Many times, employers try to avoid having to pay for worker’s compensation insurance by claiming that their workers are not employees but instead independent contractors. As a result, the employers and often times the workers are under a false impression that because either one or both of them claim to be an independent contractor that the worker is not an employee and the employer is not subject to worker’s compensation insurance requirements. Neither could be further from the truth. There is a nine step determination that the Department of Workforce Development considers in determining whether a person is an independent contractor as opposed to an employee. If the injured worker is an employee then they are entitled to worker’s compensation benefits. If they are an independent contractor, although there are always exceptions, they may not be entitled to any compensation if injured on the job.
To truly be considered an independent contractor the individual must meet and maintain all of the nine following conditions:
- They must maintain a separate business.
- They must obtain a federal employer identification number from the IRS or have filed business or self-employment income tax returns with the IRS based on the work or service in the previous year.
- The person must operate under specific contracts.
- The person must be responsible for operating expenses under the contracts.
- The person must be responsible for satisfactory performance of the work under the contract.
- The person must be paid per contract, per job, by commission or by competitive bid.
- The person must be subject to profit or loss in performing the work under the contract.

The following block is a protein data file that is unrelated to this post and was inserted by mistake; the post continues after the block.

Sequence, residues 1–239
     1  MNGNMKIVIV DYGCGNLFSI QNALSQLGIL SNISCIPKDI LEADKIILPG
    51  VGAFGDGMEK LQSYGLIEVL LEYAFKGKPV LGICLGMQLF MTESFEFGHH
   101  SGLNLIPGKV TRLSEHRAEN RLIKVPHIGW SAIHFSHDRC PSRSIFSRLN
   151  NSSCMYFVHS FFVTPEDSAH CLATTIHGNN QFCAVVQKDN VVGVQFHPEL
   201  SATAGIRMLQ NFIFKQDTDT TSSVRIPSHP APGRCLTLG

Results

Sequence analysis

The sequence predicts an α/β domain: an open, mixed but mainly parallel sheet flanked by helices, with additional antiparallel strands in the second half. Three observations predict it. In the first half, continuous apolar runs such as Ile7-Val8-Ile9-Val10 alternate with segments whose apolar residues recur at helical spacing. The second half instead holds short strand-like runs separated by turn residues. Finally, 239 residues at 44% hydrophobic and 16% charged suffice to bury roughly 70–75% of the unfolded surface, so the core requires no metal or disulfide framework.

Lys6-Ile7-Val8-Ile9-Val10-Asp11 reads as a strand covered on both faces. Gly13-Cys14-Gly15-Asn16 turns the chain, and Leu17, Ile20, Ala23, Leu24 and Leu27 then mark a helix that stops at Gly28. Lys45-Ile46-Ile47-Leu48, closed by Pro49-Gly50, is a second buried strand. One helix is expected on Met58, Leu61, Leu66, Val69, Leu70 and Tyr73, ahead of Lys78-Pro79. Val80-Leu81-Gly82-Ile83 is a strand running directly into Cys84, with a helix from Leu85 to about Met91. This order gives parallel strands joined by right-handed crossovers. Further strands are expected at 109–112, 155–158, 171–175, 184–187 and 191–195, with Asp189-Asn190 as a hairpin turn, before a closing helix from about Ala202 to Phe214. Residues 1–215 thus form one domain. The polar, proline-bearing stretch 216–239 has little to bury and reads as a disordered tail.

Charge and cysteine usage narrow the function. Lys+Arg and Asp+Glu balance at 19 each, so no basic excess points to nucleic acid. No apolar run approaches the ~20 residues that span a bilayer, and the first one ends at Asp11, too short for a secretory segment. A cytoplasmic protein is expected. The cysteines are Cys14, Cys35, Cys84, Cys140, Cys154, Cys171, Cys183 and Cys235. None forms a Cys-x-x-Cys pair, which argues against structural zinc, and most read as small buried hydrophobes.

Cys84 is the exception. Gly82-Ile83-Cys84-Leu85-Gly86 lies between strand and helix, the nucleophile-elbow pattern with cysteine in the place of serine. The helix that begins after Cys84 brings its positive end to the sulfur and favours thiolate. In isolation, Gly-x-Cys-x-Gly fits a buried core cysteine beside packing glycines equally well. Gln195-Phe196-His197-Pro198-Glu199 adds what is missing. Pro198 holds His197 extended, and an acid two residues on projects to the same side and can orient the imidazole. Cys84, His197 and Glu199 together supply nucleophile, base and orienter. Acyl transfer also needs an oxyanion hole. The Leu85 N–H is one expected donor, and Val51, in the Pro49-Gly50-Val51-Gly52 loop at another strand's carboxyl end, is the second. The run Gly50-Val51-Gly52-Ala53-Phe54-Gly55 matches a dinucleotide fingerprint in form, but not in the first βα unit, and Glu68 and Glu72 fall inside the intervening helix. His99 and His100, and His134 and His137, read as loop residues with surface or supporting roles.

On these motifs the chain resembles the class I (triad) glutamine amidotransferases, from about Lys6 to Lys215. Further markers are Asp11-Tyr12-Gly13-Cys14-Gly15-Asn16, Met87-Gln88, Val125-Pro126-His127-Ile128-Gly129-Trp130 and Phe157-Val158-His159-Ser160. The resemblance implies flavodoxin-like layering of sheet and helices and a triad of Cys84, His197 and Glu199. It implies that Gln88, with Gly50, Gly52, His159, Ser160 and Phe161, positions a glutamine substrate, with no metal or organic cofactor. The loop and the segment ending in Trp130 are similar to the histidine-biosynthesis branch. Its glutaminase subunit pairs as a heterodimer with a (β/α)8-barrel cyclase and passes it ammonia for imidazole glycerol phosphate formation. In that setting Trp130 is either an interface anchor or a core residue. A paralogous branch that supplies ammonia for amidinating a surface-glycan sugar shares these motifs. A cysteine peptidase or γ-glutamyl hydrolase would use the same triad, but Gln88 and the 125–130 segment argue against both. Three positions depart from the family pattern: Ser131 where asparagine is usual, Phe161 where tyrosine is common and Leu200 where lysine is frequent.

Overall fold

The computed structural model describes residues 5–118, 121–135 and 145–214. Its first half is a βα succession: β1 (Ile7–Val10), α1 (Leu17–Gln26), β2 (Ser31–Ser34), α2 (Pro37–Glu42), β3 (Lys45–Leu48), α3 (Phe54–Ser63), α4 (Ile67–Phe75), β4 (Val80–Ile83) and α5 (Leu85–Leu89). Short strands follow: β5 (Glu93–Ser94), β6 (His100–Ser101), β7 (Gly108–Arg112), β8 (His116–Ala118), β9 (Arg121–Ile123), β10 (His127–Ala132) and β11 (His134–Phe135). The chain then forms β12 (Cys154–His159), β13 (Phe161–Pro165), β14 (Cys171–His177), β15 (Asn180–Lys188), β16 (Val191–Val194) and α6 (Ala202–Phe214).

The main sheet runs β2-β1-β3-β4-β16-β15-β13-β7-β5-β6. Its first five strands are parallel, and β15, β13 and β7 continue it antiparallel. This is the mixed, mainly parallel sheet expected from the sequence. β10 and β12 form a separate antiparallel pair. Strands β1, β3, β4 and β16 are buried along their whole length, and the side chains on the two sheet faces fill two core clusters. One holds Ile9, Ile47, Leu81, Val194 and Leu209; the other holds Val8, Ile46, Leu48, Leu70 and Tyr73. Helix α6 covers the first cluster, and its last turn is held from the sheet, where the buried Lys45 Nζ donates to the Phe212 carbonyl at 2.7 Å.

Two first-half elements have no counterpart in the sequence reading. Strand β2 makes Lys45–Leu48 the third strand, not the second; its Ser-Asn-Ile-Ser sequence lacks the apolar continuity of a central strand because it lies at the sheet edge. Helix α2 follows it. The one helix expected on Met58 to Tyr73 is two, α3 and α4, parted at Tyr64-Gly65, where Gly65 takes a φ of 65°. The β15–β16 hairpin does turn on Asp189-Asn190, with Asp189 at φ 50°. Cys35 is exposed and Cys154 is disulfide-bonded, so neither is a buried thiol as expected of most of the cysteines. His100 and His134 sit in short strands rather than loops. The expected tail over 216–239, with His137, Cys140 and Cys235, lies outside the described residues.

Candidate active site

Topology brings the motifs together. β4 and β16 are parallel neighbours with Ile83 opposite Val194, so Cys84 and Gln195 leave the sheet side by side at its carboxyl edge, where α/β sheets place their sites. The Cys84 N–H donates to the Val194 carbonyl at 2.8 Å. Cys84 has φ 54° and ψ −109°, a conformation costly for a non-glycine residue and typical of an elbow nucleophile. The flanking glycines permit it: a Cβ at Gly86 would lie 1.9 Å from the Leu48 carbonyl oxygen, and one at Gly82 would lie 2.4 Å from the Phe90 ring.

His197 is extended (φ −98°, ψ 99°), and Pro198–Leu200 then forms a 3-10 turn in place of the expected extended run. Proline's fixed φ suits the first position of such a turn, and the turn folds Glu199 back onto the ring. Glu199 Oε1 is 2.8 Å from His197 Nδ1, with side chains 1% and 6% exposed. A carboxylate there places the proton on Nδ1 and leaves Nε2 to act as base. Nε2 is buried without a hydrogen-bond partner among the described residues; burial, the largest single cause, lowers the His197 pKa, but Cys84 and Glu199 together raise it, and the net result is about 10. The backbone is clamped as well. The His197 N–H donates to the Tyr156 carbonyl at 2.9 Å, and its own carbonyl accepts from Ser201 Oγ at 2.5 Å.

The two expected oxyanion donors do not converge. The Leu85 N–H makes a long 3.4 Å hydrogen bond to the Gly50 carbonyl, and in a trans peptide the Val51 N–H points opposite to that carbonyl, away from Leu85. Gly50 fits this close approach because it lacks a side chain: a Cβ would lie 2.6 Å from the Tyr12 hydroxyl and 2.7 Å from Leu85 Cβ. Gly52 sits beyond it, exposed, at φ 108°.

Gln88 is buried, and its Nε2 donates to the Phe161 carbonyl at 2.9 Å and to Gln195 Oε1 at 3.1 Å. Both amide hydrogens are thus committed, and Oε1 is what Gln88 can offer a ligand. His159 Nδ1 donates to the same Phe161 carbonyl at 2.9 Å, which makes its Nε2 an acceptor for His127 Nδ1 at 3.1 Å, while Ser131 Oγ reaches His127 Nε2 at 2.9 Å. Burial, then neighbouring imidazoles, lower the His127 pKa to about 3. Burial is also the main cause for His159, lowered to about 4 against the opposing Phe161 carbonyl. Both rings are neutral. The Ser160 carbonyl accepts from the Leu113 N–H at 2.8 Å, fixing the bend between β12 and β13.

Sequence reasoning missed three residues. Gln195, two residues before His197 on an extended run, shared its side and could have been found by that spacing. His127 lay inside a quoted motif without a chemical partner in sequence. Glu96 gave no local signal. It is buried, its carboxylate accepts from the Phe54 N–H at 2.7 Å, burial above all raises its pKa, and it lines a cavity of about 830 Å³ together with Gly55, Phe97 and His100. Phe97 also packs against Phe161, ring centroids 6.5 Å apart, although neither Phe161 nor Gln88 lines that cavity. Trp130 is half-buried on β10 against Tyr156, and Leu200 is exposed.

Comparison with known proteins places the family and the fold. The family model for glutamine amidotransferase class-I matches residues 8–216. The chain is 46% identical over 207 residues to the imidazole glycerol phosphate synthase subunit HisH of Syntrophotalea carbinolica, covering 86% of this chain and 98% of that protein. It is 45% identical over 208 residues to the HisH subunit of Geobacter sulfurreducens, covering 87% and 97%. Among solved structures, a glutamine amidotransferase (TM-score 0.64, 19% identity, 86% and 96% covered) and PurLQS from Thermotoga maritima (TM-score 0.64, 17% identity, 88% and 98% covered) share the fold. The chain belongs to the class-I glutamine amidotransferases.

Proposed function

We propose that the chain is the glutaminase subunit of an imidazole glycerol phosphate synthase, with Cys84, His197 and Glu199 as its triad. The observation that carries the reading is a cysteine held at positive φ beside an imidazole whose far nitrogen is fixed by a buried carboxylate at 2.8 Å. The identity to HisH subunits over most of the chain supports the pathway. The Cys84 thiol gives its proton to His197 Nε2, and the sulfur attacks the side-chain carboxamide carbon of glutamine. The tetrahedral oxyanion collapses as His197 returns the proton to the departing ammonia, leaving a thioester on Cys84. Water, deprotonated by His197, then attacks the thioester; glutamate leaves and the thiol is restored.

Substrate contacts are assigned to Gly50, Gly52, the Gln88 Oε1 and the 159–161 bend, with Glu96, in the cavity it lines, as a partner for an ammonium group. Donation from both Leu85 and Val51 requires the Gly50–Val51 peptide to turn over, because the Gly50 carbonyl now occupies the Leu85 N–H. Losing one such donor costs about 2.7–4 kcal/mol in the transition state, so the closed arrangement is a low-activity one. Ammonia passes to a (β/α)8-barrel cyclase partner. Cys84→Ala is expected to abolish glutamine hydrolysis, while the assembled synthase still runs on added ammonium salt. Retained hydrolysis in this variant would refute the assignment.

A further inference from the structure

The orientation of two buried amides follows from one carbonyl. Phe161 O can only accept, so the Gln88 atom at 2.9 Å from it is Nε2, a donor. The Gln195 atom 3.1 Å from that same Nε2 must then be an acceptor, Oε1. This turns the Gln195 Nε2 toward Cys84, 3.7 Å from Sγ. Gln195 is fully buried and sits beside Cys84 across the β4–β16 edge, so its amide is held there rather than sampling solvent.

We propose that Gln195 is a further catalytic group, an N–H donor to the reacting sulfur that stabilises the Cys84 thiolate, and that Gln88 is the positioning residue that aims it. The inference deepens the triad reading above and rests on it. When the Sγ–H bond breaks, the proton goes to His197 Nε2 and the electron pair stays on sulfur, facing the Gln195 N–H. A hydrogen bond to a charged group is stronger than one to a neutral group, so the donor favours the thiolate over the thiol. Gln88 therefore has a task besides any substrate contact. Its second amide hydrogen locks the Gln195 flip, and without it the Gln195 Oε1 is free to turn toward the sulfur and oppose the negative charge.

- The person must have recurring business liabilities and obligations.
- Finally, the person must be in a position to succeed or fail if business expense exceeds income.
In many situations, it is to the injured worker’s benefit to be considered an employee. If the employer claims that you are not an employee and not entitled to worker’s compensation benefits if you are able to prove that the above nine conditions do not exist then worker’s compensation will consider you an employee.
Whether you are an employee or an independent contractor can make the difference between receiving the compensation you are entitled or being obligated to pay medical expenses and incur lost income without any recourse to recover those damages. If you have been injured on the job and have any questions about your worker’s compensation rights please contact me for a free, no cost obligation consultation. We handle these cases on a contingency fee basis so there are no fees unless and until there is a recovery.
If you have worker’s compensation questions in the Madison area call (608) 824-8540, in the Baraboo area (608) 356-3961, statewide call (866) 455-2993, email at firstname.lastname@example.org or check out our website at https://khtlawyers.com for more information.
- Spring Summit 2022: Celebrating Friendship in the Lone Star State - June 15, 2022
- What Makes a Will or Trust Invalid - June 2, 2022
- How Estate Planning Documents Help Prevent Elder Abuse - May 26, 2022